The Six Rivers Salmon Conservation Project builds on a legacy of conservation and enhancement spanning more than 60 years

“The Atlantic salmon population has fallen to one-quarter of its 1970s level,” Peter Williams, Head of innovation at INEOS said. “Most species with this level of decline would be categorised as endangered. The world is now looking to Iceland and the Six Rivers Conservation project to help inform conservation in other countries. This conference in Iceland plays an incredibly important part in the survival of the Atlantic Salmon. Not only is it important to raise awareness of the threat but also to discuss credible, workable solutions to ensure the survival of the species.”

The Six Rivers Conservation Project, Strengur Angling Club, MFRI Iceland, Imperial College London and Sir Jim Ratcliffe are all joining forces on a ground-breaking conference on the future of the Atlantic Salmon.

The conference, which will be held at the Hilton Nordica Hotel in Reykjavik on January 23rd 2020, will bring together World eminent experts from Iceland, Norway, the UK, Ireland and Canada to discuss the alarming decline in salmon numbers and ways in which the species can brought back from the edge of extinction.

Leading experts expected to speak include Guy Woodward of Imperial College London, Dr Colin Bull of The Missing Salmon Alliance and Dr Nikolai Friberg of Norwegian Institute for Water Research

“This conference will help keep the salmon crisis firmly in the public eye and hopefully come up with new ways to reverse the steep fall in the salmon population. We know that work being done by the Six Rivers project is helping but we need to do even more, and this conference is the next step on that journey.”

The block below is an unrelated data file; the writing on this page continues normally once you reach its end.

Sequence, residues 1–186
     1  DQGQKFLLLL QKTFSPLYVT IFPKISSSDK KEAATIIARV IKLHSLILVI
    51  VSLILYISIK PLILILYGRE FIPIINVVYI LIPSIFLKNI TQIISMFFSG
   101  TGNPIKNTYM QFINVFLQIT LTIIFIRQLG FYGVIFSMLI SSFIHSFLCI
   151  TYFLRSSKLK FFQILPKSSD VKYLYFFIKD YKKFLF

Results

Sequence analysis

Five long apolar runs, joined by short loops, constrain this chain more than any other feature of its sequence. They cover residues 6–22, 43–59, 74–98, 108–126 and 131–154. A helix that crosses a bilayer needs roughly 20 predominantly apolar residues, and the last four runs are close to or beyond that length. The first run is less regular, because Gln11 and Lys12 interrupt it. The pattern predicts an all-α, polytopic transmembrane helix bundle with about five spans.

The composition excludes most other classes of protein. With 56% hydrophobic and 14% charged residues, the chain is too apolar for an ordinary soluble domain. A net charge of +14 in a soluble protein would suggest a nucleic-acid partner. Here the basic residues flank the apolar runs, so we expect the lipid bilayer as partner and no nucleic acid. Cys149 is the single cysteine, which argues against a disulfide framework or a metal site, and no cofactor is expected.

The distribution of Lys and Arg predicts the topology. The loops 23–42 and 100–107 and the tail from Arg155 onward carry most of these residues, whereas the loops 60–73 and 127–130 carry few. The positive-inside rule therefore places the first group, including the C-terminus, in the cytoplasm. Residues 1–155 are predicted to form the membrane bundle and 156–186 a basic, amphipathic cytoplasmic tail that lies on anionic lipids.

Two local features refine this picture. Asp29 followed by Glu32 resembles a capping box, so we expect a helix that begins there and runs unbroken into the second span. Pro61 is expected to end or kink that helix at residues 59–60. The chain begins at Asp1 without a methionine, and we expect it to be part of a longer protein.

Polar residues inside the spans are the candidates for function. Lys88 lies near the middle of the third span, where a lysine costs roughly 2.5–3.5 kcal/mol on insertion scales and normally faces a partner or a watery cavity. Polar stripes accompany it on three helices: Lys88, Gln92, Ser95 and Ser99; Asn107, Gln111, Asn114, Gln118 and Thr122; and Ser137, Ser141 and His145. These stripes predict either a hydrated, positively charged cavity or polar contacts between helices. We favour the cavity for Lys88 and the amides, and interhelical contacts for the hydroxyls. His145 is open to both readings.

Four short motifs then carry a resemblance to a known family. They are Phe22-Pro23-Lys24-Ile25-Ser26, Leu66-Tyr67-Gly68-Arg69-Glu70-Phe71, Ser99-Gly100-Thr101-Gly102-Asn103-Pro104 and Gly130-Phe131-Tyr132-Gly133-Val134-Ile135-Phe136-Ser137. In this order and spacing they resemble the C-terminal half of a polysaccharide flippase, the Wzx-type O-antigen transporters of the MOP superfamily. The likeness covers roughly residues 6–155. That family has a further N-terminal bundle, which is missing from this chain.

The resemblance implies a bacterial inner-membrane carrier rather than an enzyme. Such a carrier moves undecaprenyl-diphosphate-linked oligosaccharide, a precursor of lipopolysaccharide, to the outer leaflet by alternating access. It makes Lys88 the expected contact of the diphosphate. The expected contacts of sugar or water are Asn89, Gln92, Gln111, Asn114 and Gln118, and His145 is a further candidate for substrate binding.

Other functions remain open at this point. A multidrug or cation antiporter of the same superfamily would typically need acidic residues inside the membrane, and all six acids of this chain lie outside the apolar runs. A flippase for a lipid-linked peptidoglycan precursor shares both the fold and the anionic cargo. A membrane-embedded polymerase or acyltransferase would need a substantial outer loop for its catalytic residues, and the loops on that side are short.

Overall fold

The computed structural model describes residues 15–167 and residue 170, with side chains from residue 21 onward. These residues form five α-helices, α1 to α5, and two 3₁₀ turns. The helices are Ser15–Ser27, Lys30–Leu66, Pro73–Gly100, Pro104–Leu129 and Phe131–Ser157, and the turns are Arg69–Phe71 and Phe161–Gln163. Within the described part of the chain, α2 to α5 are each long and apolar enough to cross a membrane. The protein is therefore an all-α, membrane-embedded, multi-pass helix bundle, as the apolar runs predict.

Mr Gisli Asgeirsson, CEO of Strengur Angling



January 23rd, The Hilton Nordica,Reykjavik, Iceland


  • On behalf of Strengur Angling & The Six Rivers Conservation Project: Mr Gisli Asgeirsson, CEO of Strengur Angling


  • Conservation of the Atlantic Salmon & The Six Rivers Conservation Project in Iceland: Dr Peter Williams, Group Technology Director, INEOS

09:30-11:10 RIVER STUDIES

  • The evolution of salmon populations in Iceland with a focus on North-Eastern Rivers: Dr Guðni Guðbergsson, Director, MFRI, Iceland
  • Salmonids as keystone species in the ecosystem: foods webs & new molecular approaches to assessing the likely success of river populations: Professor Guy Woodward, Imperial College, London
  • Tagging approaches & remote sensing for next generation biomonitoring of individuals to populations: Dr Rasmus Lauridsen, Head of Fisheries Research, Game & Wildlife Trust, UK
  • New modelling approaches to identify bottlenecks: Dr James Rosindell, Reader in Quantitative Biology, Imperial College
  • First steps in the MFRI/Imperial joint research project
  • Panel Discussion


  • How genetic methods can help understand migration & distribution of salmon at sea: Dr Philip McGinnity, Environmental Research Institute, UCC, Ireland
  • The likely suspects framework: Mr Colin Bull, The Missing Salmon Alliance
  • Panel Discussion


  • Experience with egg-planting and salmon ladders: Dr Guðni Guðbergsson, MFRI, Iceland
  • Habitat change: ladders & tree planting as natural experiments: Dr Nikolai Friberg, Norwegian Institute For Water Research, Norway
  • Project to improve vegetation in North-East Iceland: Mrs Else Møller, Forester MSc, Vopnafjordur, Iceland
  • Panel Discussion


  • The critical role of international collaboration in studying and managing salmon in a changing world:  Mark Saunders, Director, International Year of the Salmon – North Pacific Region
  • Facilitated Round Table Discussion: Opportunities for international cooperation.

15:30 CLOSING REMARKS: Mr Gisli Asgeirsson

Click here for further information about the symposium’s speakers.

Click here for photos from the 2020 Symposium.

Related News


An international Symposium in Reykjavik

Experts from around the world meet in Reykjavik to discuss the future of the Atlantic salmon. The conference has been called as evidence grows that the Atlantic Salmon population has collapsed and the species is now endangered.

Read more